Ireland's €24.1bn NPRF revamps asset allocation
IRELAND - The €24.1bn National Pensions Reserve Fund (NPRF) has revised its long-term investment strategy, as circumstances have "changed materially" since the previous target asset allocation was set years ago.
The fund's commission has cut back on equities and aimed to boost diversification by investing in new asset classes.
It has also increased weightings to a number of asset classes - such as emerging markets, small caps, inflation-linked bonds, commodities, infrastructure and absolute return - which it said were more likely to deliver longer-term growth and protect against inflation.
The commission said it planned to cut its strategic asset allocation (SAA) to equities from 66% to 49%, slashing its allocation to global large caps from 56% of the portfolio to just 29%.
Global small caps and global emerging markets will be revised up from 5% to 10% each, while the fixed income component will increase from 13% of the portfolio to 18%.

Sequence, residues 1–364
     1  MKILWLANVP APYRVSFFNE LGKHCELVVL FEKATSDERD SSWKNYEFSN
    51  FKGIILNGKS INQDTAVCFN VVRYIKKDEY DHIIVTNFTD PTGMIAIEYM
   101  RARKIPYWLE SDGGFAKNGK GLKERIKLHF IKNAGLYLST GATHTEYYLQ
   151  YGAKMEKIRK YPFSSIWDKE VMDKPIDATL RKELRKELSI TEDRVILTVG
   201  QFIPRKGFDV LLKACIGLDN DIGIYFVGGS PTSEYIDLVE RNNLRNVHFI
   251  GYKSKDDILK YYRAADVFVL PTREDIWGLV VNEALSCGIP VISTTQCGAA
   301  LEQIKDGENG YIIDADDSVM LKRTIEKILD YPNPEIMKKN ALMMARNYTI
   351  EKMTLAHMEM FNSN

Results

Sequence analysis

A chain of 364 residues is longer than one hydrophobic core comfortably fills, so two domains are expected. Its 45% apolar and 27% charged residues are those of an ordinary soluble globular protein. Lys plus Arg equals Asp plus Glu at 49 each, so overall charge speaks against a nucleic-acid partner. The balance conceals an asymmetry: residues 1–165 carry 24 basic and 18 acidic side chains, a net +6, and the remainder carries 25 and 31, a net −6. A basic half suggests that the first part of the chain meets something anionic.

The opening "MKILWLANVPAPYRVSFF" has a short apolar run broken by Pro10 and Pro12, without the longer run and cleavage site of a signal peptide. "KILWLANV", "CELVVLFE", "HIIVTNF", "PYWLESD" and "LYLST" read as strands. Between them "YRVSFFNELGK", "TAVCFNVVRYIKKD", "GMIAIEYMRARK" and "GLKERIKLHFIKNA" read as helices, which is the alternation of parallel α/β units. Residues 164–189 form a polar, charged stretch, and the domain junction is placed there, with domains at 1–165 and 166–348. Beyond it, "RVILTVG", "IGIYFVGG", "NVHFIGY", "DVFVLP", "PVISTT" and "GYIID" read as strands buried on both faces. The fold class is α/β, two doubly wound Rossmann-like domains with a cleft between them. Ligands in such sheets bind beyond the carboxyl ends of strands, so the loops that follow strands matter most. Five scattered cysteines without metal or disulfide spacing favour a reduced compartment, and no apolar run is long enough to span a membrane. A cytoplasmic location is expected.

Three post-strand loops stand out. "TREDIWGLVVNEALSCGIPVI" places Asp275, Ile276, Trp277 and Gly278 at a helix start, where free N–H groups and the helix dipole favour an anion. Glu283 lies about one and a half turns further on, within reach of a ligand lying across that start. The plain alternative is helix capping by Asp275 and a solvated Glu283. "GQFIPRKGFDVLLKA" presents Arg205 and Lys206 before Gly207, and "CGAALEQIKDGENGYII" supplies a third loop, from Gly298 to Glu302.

Alternative assets jumped from 21% to 33% of the SAA, with 10% being earmarked for private equity, 8% property, 5% commodities and forestry, 5% absolute return and 5% infrastructure.
The commission said it would aim to manage short-term volatility risk more actively by varying asset allocation around these strategic levels.
"This policy," it added, "is based on taking significant positions if and when markets move to extremes, rather than on taking small positions on an ongoing basis or attempting to time the market."
The commission has also included a secondary objective of outperforming the cost of government debt over rolling five-year periods, as the Irish Exchequer had moved from surplus to deficit.
Meanwhile, the NPRF's Discretionary portfolio returned 2.3% over the first half of this year, but stumbled during the second quarter, losing 2.6%.
Pension officials said the €17.3bn Discretionary portfolio - which excludes the NPRF's Directed Investment portfolio - lost ground in Q2 due to the sovereign debt crisis and growing fears about the global recovery.
The €6.8bn Directed Investment portfolio returned 0.3% over the quarter and 4.5% over the year to 30 June.
Overall, the total fund lost 1.7% over the second quarter, returning 3% for the year to date and 11.5% in 2009.